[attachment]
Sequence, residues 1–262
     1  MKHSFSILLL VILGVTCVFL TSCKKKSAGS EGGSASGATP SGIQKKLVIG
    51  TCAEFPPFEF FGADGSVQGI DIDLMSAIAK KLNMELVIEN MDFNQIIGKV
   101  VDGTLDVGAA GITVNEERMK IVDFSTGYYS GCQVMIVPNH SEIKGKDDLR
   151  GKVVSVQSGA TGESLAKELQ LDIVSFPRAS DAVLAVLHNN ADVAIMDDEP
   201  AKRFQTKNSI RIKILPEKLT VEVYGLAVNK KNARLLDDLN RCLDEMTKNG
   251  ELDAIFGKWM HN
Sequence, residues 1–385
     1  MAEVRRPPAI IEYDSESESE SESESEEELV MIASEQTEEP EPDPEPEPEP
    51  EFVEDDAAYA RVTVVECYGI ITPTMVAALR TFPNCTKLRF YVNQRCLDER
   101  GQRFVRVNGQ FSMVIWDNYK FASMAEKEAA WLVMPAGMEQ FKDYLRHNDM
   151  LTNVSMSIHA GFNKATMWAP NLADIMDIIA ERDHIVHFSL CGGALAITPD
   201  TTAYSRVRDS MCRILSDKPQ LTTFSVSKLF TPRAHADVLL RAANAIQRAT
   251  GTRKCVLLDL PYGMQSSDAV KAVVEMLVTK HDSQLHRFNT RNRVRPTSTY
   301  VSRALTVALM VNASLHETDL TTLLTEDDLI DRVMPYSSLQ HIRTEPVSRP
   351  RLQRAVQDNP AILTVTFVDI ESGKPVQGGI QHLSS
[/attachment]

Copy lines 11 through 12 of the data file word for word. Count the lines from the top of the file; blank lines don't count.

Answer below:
   101  GQRFVRVNGQ FSMVIWDNYK FASMAEKEAA WLVMPAGMEQ FKDYLRHNDM
   151  LTNVSMSIHA GFNKATMWAP NLADIMDIIA ERDHIVHFSL CGGALAITPD